This day in Tallinn is a tale of two cities.
Visitors justifiably swoon over Tallinn for its perfectly intact medieval centre. Founded in 1154, it lies on the northern coast of Estonia and is the country’s hub for culture and tourism, as well as its capital.
But there is more to Tallinn’s charms than its UNESCO-listed Old Town. Cross its railway tracks and you will discover a very different side of the city. Telliskivi Creative City with its street art, craft beer and designer studios, and the iconic wooden buildings of Kalamaja offer a refreshing alternative to the cutesy appeal of Tallinn’s medieval centre.
If like me, you are visiting Tallinn on a Baltic Sea & St Petersburg cruise you will have limited time in the city. However, it is possible to fit in both sides of Tallinn during your precious time onshore.
To help you make the most of your one day in Tallinn, here’s some essential practical tips, including how to get from the cruise terminal, my pick of what to see and where to eat.
This article is part of a series following my Celebrity Baltic Sea cruise to St Petersburg. If you would like to jump to guides to the other ports of call, simply click on the name here: Copenhagen | Stockholm | St Petersburg | Helsinki | Warnemunde
How I visited Tallinn on a cruise
- Cruise operator: Celebrity Cruises
- Cruise ship: Celebrity Silhouette
- Time in port: 10 am – 6 pm
Getting to Tallinn’s Old Town from the cruise terminal
Cruise ships berth at Tallinn’s Old City Harbour, less than 1 km from the edge of the Old Town. Unlike Copenhagen and Helsinki, other stops on this Baltic Sea cruise, it is an easy walk to the Old Town from the cruise terminal.
Also, as most of the Tallinn’s highlights are contained in a relatively compact area, it is very walkable. In fact, your two feet are the best way to get around and see the sights.
Here are your options for getting from the cruise terminal to Tallinn’s Old Town.
Option 1: Walk
I walked from the cruise terminal to the Old Town. At an easy pace, this took me around 15 minutes. The walk is clearly signposted. But, trust me, you won’t be the only one taking this stroll.
Option 2: Use public transport
Public transport is of limited use here. Although Bus #2 will bring you to the city centre it does not stop at the cruise terminal. You will need to pick it up at the closest public transport stop in Sadama street in front of Terminal A. The service runs 2 – 4 times an hour.
Option 3: Use the Cruise Shuttle Service
A local tour operator provided a shuttle service, operating every 15 minutes. This cost €8 for a round trip; €5 one-way. Payment by cash or credit card at the pier. The journey time was approximately 10 minutes.
Option 4: Use the hop on hop off bus
Inevitably, there is also a red hop on hop off (HOHO) bus. A 24-hour ticket costs €25, and covers 24 stops. The service runs every 20 minutes. Given the size of Tallinn’s Old Town, this is likely to be of value only if you plan to visit the city’s suburbs.
A short history of Estonia
Let’s look to the past to put some of what we are going to see today in context. Estonia’s history is essentially one of occupation.
The Danes conquered Tallinn in 1219. Then came the Swedes in the 16th Century – a period known as the “Good Old Swedish Times” – until ceding to the Russians in 1710.
Taking advantage of the Russian Revolution, Estonia gained independence in 1918. However, this was short-lived, ending with the Nazi occupation in 1941. Three years later it was back to the Russians when Estonia was brought back into the loving bosom of the USSR. With the fall of the Soviet Union, Estonia gained independence in 1991.
Estonia’s 20th Century history is responsible for the ethnic and cultural mix in Tallinn today.
During and after WWII there were two waves of mass deportation of Estonians, with Russia transplanting their own citizens to lay claim to the land. Kadri, our Tallinn walking tour guide shared her own family’s story. Because her great-grandfather fought against the Russians in WWI, her grandmother was sent to a Siberian camp.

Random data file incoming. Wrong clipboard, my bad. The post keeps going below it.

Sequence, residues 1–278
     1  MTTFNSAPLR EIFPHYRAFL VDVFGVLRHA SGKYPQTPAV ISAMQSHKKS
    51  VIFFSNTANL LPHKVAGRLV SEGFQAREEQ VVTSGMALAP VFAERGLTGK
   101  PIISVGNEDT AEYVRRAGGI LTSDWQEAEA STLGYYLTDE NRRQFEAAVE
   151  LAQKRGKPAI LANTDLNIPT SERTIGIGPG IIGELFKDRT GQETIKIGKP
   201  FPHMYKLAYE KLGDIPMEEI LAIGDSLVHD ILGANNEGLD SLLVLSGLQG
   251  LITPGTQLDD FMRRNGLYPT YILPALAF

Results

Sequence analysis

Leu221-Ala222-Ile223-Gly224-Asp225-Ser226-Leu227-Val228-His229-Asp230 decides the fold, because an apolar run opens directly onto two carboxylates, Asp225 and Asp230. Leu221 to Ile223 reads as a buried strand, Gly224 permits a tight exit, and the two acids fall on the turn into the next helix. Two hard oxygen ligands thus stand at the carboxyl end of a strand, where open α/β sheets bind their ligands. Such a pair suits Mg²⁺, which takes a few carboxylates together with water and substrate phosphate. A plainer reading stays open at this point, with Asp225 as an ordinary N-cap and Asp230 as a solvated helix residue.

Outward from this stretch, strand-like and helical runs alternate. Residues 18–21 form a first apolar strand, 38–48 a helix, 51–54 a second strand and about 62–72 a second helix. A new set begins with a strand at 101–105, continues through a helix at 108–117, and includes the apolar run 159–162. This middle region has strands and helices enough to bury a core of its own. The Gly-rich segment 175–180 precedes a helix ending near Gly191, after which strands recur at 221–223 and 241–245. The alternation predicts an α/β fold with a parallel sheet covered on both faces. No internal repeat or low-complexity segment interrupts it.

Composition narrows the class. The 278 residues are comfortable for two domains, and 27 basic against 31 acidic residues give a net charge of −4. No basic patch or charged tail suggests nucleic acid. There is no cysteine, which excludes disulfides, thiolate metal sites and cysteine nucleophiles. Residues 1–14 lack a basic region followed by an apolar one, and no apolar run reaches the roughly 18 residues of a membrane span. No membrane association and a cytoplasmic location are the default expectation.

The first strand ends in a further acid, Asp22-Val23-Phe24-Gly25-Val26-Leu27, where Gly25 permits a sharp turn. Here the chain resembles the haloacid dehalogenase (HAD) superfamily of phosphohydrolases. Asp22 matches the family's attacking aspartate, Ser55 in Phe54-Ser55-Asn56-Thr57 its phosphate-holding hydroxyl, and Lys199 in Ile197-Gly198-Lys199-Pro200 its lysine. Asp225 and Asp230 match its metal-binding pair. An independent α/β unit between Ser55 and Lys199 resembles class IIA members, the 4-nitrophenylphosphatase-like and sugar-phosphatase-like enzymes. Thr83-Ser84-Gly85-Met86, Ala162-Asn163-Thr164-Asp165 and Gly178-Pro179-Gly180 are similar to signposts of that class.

Other reasons for deportation included being smart, being Jewish and bad-mouthing the Soviets. Conditions were grim and deportees were sentenced to hard labour. Only 5 – 6% of these deportees returned home.
The legacy of this policy is the high proportion of Russians in Estonia; 32% of Tallinn’s population of 436,000 are Russian. This has also created divisions within Estonian society. Most Russians cannot speak Estonian, and younger Estonians cannot speak Russian. There is no common language.
Spending one day in Tallinn from a cruise
Your day in Tallinn will be one of two halves. Spend the morning exploring the Old Town on a walking tour. Then, after lunch, walk over the railway tracks to explore Telliskivi and Kalamaja
A walking tour of Tallinn’s Old Town
I joined the Tallinn in a Nutshell free walking tour. Over two hours, Kadri, our excellent local guide showed us the highlights of Tallinn and took us through her country’s history from medieval times, through the Soviet period right up to modern Estonia. There is no charge for this walking tour although tips are welcome.
Let’s take a look at the highlights of this walking tour.
Tallinn’s Lower Town wall
Tallinn’s Old Town is split into the Lower Town and its Upper Town, 20 – 30 meters above the Lower Town.
We started our walking tour at Tallinn’s Lower Town city wall. Originally 2.5 km long, this once boasted 45 defensive towers but fell victim to bombing raids in 1944 that destroyed more than half of Tallinn’s city centre and around 10% of its Old Town.
However, more than half of Tallinn’s Lower Town wall has been magnificently preserved as a city wall, including 26 towers and two gates.
Danish King’s Garden
According to local legend, this is where a flag descended from the sky during the Danish invasion. It was this flag that made fortune smile upon King Valdemar II, and the flag became the national flag of Denmark.
The sculptures of three monks standing in the garden are a recent addition. These were a present to the city from an Estonian businessman who thought that Tallinn did not have enough statues.
Alexander Nevsky Cathedral
This elaborate Russian Orthodox church was completed in 1900 during a period of Russification across the Baltic states. Following Estonia’s first independence in 1918, there was an intensive program of de- Russification. Although it was relatively easy to strip out statues and monuments, de-Russifying buildings such as Alexander Nevsky Cathedral wasn’t quite so straightforward.